On Thu, Jun 24, 2010 at 7:37 AM, wrote:

you seem to be arguing that the fix is in for the eurozone. is that a correct read?

Yes, looks like it to me.

if so, then your expected rise in the euro could occur sooner rather than later.

Yes.

seems to me that it will be difficult for the euro to rally anytime soon as central banks / portfolio managers trim their euro exposure on any strength.

Right, the portfolio shifting may not have run its course yet. That’s the risk. I’m thinking a sell off in gold, which went up this last bit due to euro fears, will signal the turn in psychology/reduction in euro fear.

With restructuring risk already on the table, seems it has to be mainly discounted in that anyone who can readily shift out of euro already have, and for those still holding euro financial assets they probably have euro liabilities and don’t want to add currency risk by shifting out of euro?

I suppose the real test will be the next mini funding crisis to see how the euro handles that stress.

Makes sense.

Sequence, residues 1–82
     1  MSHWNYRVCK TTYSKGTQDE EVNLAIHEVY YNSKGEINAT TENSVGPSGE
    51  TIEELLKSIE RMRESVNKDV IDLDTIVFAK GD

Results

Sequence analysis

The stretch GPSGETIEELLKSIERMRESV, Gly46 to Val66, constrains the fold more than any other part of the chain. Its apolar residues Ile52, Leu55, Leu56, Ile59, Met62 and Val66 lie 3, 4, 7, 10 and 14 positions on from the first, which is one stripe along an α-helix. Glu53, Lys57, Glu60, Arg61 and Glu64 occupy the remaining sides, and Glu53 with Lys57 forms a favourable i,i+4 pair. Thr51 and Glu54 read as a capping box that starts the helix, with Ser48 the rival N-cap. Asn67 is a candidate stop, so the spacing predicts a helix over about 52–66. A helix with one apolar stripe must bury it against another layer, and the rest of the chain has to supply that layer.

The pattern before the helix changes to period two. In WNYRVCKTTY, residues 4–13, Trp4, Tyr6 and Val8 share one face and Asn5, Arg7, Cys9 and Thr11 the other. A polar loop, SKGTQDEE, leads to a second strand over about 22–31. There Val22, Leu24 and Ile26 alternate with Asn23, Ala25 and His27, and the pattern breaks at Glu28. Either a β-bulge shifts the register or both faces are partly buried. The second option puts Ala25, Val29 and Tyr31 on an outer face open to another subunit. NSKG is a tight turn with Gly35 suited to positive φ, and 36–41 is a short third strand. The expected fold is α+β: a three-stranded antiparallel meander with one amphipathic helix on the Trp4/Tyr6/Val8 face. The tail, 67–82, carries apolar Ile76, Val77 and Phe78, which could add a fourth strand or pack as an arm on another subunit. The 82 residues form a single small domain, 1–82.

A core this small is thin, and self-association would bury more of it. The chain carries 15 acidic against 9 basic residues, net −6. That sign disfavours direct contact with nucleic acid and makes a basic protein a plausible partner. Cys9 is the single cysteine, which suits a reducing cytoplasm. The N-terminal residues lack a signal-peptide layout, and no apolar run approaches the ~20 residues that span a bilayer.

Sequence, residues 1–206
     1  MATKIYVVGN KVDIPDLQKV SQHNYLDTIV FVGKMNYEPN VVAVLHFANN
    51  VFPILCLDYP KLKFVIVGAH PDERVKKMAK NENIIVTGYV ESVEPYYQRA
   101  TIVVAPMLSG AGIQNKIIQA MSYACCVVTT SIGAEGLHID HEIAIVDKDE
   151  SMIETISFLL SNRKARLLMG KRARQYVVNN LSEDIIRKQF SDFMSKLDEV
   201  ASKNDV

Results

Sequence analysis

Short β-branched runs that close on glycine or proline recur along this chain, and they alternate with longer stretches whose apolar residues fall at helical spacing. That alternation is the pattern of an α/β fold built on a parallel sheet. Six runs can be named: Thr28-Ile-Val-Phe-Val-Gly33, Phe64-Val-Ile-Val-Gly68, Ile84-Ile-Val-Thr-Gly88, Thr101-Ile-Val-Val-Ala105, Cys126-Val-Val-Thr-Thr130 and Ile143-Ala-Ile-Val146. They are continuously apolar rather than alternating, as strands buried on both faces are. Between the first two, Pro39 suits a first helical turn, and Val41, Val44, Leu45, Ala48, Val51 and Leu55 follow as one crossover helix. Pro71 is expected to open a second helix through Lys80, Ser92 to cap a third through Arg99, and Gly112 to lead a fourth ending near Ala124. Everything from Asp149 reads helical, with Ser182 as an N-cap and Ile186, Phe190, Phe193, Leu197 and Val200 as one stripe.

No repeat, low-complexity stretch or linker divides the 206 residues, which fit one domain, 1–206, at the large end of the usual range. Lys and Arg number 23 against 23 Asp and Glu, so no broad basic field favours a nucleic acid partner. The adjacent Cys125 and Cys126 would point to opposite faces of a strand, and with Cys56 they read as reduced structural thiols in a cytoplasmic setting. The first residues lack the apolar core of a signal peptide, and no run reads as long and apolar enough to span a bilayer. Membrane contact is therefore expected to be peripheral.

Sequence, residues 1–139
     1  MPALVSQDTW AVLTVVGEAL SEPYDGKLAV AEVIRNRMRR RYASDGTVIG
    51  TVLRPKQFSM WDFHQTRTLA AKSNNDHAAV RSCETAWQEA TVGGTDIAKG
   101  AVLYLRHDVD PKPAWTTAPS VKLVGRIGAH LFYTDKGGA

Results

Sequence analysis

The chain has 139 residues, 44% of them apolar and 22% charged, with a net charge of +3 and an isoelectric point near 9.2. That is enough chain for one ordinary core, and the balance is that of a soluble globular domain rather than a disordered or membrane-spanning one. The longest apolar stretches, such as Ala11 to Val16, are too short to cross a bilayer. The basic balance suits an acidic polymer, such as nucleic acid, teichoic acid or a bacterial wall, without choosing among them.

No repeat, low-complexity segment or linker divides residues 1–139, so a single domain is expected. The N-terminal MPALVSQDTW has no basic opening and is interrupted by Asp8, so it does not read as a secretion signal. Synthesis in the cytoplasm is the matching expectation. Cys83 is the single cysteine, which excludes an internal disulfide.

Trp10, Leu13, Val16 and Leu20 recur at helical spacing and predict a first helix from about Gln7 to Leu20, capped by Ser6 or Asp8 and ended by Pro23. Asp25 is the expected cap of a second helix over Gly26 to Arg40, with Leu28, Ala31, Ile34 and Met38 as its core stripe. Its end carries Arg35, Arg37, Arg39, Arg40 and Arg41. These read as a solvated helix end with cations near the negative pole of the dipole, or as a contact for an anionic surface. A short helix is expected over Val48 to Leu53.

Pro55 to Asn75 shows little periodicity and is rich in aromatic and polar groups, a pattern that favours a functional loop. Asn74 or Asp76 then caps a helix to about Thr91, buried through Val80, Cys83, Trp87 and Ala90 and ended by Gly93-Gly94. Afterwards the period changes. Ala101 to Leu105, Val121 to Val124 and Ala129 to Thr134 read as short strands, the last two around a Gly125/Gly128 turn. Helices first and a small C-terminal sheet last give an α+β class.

i’m getting fixated on the whole monetarists vs keynesian showdown that seems to be unfolding. in my mind the Greenspan era conditioned traders to believe that monetary policy was all powerful and the solution to every bump in the road. with rates near zero almost everywhere that impression will certainly fade.

And rightly so. The reality is sinking in that the Fed has no more meaningful tools, and the ones they thought they had can only help liquidity, and not support aggregate demand beyond keeping it from getting worse due to liquidity issues.

at the same time, the magnitude of the financial crisis and now the Greek crisis has seriously damaged the credibility of deficit spending.

Yes, for the wrong reasons, but I agree that’s the perception that’s driving policy.

so here we are with little faith in either concept and no clear sign anywhere of the handoff from public sector to private sector demand growth.

Right, that hand off traditionally comes from a return of private sector credit expansion, mainly housing and cars, which still hasn’t taken hold in this cycle. With all the demand leakages of unspent income due to pension funds, corp reserves, etc, some entity has to spend more than its income to make up for that.

I see a big test of theory coming in the next few years with little ammunition to proactively fight.

interesting times for sure.

Depressing, too.

I’d like to live during at least one period of true prosperity that’s ours for the taking in this time of abundant resources and geometrically expanding technology.

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